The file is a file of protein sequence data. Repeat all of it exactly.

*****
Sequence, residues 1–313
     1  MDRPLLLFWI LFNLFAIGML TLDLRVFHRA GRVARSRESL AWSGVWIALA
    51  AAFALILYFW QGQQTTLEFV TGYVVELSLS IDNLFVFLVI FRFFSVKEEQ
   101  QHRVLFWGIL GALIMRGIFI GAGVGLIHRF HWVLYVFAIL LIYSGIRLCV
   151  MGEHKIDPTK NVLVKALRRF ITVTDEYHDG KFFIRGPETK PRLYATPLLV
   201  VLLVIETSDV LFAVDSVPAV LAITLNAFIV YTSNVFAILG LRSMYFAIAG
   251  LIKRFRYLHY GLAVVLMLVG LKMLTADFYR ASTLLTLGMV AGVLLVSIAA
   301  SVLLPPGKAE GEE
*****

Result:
Sequence, residues 1–313
     1  MDRPLLLFWI LFNLFAIGML TLDLRVFHRA GRVARSRESL AWSGVWIALA
    51  AAFALILYFW QGQQTTLEFV TGYVVELSLS IDNLFVFLVI FRFFSVKEEQ
   101  QHRVLFWGIL GALIMRGIFI GAGVGLIHRF HWVLYVFAIL LIYSGIRLCV
   151  MGEHKIDPTK NVLVKALRRF ITVTDEYHDG KFFIRGPETK PRLYATPLLV
   201  VLLVIETSDV LFAVDSVPAV LAITLNAFIV YTSNVFAILG LRSMYFAIAG
   251  LIKRFRYLHY GLAVVLMLVG LKMLTADFYR ASTLLTLGMV AGVLLVSIAA
   301  SVLLPPGKAE GEE